The student news site of El Camino College

El Camino College The Union

The student news site of El Camino College

El Camino College The Union

The student news site of El Camino College

El Camino College The Union

Hard running, good attitude and dedication help Tyler Stover focus on achieving goals

Given a word or a few words to describe him, and Tyler Stover knows people will paint him as a different character.

In fact he’s heard the words “he-must-be-like-everyone-else-from-Manhattan-Beach,” a number of times over.

However, he’ll explain in regards to that comment that he’s ventured along another path.

One that has him at cross country competition on weekends, on local beaches searching for and riding waves as much as any week would allow him, while also pursuing a career as a lifeguard.

Trying to be unique

“I’m not normal. I try to be different than what people expect me to be like,” the 18-year-old freshman said. “I try not to fit the stereotype of the Manhattan Beach-type… Everyone is so quick to judge.”

While Stover is a key component behind the men’s cross country success this season, he concedes that the college distance, which is a mile longer than the three miles in high school meets, remains very new to him, though he’s becoming more acclimated three races into the season

“So far, he has made the adjustment from high school to college very well,” coach Dean Lofgren said. “You have to figure he’s running four miles instead of three now.”

He’s second in time among his teammates, yet there’s some dissatisfaction in it. But that’s due to his near-defiant competitive nature. He’d like to be first every week because he’s used to it.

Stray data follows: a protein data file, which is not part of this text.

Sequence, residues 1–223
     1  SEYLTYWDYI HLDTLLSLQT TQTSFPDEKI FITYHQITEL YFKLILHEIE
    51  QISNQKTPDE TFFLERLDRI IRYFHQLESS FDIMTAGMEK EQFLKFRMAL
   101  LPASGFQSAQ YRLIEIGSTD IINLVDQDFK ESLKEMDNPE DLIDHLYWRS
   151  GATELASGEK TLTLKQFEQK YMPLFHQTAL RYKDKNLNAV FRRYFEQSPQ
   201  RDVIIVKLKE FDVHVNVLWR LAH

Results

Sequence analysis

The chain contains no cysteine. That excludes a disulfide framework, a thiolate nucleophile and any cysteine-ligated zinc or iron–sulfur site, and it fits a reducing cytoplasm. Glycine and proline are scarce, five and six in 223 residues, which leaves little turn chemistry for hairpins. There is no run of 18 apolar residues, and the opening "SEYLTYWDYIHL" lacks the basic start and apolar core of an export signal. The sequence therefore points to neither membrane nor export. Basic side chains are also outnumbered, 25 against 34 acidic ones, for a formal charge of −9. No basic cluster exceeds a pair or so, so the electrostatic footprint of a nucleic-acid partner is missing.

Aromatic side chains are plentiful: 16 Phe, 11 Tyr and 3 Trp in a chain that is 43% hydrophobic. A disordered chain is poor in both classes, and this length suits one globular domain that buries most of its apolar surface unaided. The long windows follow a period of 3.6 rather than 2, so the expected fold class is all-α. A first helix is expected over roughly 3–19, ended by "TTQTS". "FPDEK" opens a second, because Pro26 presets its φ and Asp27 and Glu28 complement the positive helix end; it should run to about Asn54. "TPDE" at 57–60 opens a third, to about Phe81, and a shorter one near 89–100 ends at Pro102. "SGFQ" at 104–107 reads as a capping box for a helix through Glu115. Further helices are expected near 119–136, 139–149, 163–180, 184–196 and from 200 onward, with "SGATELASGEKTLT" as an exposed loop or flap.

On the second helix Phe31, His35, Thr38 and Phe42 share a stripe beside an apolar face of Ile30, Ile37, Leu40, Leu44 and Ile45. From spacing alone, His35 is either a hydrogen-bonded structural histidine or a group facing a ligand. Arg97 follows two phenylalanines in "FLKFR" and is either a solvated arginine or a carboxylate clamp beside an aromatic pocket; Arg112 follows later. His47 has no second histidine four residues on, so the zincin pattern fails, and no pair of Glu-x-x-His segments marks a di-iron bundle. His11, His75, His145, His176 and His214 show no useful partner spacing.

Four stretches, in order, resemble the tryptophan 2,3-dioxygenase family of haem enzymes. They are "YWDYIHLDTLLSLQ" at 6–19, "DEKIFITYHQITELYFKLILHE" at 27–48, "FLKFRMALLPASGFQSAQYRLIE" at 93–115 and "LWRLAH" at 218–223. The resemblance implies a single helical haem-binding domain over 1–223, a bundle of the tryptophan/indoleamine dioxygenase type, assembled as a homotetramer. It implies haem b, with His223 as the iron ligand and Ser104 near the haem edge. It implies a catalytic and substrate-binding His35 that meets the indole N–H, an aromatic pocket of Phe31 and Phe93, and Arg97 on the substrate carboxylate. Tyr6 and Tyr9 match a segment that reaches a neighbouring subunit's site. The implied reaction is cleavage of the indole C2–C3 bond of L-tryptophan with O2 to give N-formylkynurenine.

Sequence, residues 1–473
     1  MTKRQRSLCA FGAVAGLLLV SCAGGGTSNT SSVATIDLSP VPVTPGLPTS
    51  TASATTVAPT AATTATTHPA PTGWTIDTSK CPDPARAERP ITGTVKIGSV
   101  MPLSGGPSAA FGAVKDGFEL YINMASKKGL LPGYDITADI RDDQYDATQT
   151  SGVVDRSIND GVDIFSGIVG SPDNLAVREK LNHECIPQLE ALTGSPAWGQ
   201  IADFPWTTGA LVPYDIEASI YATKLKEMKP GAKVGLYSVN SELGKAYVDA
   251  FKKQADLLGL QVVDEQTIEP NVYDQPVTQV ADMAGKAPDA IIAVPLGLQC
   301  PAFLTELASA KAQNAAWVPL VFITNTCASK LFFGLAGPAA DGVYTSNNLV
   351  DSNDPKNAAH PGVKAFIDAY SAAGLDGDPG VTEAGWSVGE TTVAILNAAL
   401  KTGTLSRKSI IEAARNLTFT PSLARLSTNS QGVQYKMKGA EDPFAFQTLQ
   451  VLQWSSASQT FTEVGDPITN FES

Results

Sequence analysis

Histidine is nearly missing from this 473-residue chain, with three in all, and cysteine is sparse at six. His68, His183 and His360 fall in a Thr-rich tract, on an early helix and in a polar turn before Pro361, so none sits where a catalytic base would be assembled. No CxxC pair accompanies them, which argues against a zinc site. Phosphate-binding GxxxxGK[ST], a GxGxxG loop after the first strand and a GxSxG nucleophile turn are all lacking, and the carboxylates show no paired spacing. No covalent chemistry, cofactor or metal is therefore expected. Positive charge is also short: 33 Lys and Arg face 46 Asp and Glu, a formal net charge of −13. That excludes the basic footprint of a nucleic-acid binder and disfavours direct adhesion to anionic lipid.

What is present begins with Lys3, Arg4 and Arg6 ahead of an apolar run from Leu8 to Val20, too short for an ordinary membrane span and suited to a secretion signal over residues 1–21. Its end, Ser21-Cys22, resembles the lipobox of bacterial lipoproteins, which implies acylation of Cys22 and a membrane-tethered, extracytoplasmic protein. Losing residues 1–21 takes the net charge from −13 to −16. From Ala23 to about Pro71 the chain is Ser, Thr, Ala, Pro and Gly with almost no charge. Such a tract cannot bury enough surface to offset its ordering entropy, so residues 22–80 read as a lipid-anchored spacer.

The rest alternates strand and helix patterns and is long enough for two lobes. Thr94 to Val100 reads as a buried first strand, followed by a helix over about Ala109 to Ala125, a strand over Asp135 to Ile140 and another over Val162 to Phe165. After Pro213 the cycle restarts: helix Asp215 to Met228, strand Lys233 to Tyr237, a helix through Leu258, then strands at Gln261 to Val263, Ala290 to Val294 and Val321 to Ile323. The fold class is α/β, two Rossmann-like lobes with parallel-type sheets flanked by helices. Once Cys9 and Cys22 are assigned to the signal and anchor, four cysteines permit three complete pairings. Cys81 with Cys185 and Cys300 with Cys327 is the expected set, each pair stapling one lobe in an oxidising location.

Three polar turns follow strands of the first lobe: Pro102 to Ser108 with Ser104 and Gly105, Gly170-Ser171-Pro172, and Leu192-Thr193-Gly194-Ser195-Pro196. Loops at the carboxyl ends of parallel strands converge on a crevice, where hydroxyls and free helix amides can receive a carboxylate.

Welcome new addition

“He has looked very strong so far and is developing nicely,” Lofgren said. “He has been number one or two in all of our meets so far.”

“After the third mile, it used to be over. Now I’ve got to come back with a mile-kick. Getting used to it is a big difference,” Stover said.

During Stover’s high school years, either he won 10k and 5k races in his division or he was among the top finishers.

At Mira Costa, he would seek out anyone within earshot to praise himself for winning an event.

“They got tired of hearing about it because I was always winning,” he said of the reaction he most often received.

“But that’s something that I’m trying to work on; to reduce my cockiness.”

“It’s genetics,” Stover said. His father is ‘a big water guy’ and his former Mira Costa High coach/uncle Jeff Atkinson, was the 1500m champion at the 1988 Seoul Olympic trials and went on to the finals.

When asked if there was any expectation on him to achieve similar accomplishments, he said there is none.

“Do I wanna be how everyone wants me to be, or do I set my own course?” he asked.

“I have interest in the aquatic realm. Living two blocks from the beach is great. I’m just more comfortable in the water.”

More than just a coach

Stover is grateful to have a coach in Lofgren, who he says is encouraging and supportive in his adventures outside of running; Lofgren has also been of friend of his family for more than 20 years.

“He’s the best coach I’ve ever had,” Stover said. “I’ve always wanted a coach who’s a friend outside of the sport. I know his wife and kids and can sit down and have breakfast with him.”

Sometimes, with a team having to replace a coach under any circumstance, it results in team members making adjustments to coaching techniques that are undesirable and can disrupt their chemistry, Stover said.

With Lofgren, that’s not a concern. In fact, Lofgren was instumental in Stover’s decision to attend EC.

“He was one of the top distance runners in the South Bay when he was in high school,” Lofgren said. “We knew he was talented before he came here.”

Stover’s easygoing attitude makes the working environment better for everyone on the team.

“We are close enough to where we can joke around with each other,” Lofgren said. “But he knows when it’s time to get serious.”

For the team, it’s just part Stover’s personality.

“Tyler just has such a good sense of humor,” Lofgren said. “He is a very outgoing and friendly person.”

For Stover, it’s just about doing his best and emjoying the time he will spend at EC.

“I’m glad I decided to come here, mainly because of the cost,” Stover said. “I know some people who are attending universities and are paying more than triple of what I pay.

“And the experience running here is the same as any other place,” Stover said. “It’s easier to get a two-year scholarship than a four-year scholarship for running cross country.”

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